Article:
CEOs know when a lawsuit is filed in the courts, reputations hang on the scales of Lady Justice. Most attorneys know this too, and for those in need of a reminder, OWC is approved by the State Bar of California to provide MCLE credit for our one-hour program in managing reputation during litigation. Here are some highlights of a crash course in surviving any legal collision:

Lawsuits are news: Reporters make daily scans of Federal Court Cases via Pacer or California court case records on to see what companies and individuals are cited. Does it warrant a story about the impact on a company’s stock price, valuation, leadership team, market sector, or executive indiscretion? Reporters are on the lookout for who’s involved, as well as for any juicy language that can be quoted in a news story.

Have a spokesperson: Assign someone who knows the media and the stakes. We start by recommending an attorney from the law firm filing the suit and ensure they respond to inquiries by email rather than on the phone, so ambiguity doesn’t ensue.

Monitor all media: Be the first to know what everyone is saying, especially on social. Listen hard, but promptly seek corrections when needed. Boeing faced intense scrutiny following crashes involving its 737 Max aircraft. Early responses were criticized for downplaying the issues and lacking empathy for the victims’ families. The company’s poor social media communication contributed to its public relations crisis. The CEO wisely reversed course and continued a mea culpa crusade.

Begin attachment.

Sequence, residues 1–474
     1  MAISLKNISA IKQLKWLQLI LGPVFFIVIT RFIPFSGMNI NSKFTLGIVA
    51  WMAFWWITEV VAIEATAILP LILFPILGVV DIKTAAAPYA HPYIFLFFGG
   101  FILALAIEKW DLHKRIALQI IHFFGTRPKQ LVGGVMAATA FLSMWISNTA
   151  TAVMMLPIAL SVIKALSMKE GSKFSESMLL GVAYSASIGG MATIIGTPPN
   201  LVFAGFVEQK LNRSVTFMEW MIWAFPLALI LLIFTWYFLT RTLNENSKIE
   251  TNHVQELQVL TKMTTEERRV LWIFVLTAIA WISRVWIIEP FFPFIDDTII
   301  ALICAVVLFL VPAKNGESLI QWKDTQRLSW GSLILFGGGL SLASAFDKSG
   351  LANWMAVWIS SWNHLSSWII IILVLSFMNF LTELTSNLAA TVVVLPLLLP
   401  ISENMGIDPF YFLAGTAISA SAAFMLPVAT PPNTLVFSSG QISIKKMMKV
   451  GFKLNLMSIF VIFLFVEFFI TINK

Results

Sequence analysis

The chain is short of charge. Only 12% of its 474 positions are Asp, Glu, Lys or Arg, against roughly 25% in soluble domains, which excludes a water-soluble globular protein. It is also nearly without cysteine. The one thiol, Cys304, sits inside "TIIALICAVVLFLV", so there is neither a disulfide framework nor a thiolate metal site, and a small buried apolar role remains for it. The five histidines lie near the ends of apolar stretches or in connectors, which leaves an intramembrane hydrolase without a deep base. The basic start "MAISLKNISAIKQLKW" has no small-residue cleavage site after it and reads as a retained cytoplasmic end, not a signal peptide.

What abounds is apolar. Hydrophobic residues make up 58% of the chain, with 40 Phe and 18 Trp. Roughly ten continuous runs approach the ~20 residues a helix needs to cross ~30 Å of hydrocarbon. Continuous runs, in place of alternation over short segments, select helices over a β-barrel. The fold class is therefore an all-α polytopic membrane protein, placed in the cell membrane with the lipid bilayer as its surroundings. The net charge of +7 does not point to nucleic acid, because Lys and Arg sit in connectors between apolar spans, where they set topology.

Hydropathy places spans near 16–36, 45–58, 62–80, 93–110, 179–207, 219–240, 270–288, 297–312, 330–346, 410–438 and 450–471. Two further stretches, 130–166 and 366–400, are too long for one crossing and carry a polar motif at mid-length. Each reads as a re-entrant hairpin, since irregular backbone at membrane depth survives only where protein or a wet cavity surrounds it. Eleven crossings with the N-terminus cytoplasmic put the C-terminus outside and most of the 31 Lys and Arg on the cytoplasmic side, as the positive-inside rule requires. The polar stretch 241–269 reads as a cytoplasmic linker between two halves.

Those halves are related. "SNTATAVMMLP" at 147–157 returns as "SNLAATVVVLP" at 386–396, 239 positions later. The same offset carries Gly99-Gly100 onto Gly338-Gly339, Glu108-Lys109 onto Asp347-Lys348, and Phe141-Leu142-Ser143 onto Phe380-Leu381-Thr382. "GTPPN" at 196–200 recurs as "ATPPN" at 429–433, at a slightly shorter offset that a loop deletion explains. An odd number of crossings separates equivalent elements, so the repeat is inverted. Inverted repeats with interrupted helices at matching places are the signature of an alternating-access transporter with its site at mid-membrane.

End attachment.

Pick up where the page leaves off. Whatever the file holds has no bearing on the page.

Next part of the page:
Be available. If media reports claim harm to customers, employees, children or minorities, be ready with statements and data points approved by attorneys. Don’t hedge, obfuscate, niggle or fade, as when Wells Fargo’s unauthorized accounts scandal faced backlash for public statements that downplayed the scale of the issue. When accused, details matter.

Communicate aggressively: “No comment” sounds like “guilty” to many. Company CEOs and attorneys must be ready with a proactive public relations campaign that is aligned with a company’s core values. Under fire, Apple leans in with its core values of innovation and intellectual property rights through substantial investments in research and development.

Risk is real. Lawsuits related to employees, products, shareholders, defamation, intellectual property and trademark infringement often damage the bottom line.

The attorneys are ready. Every company must be, too.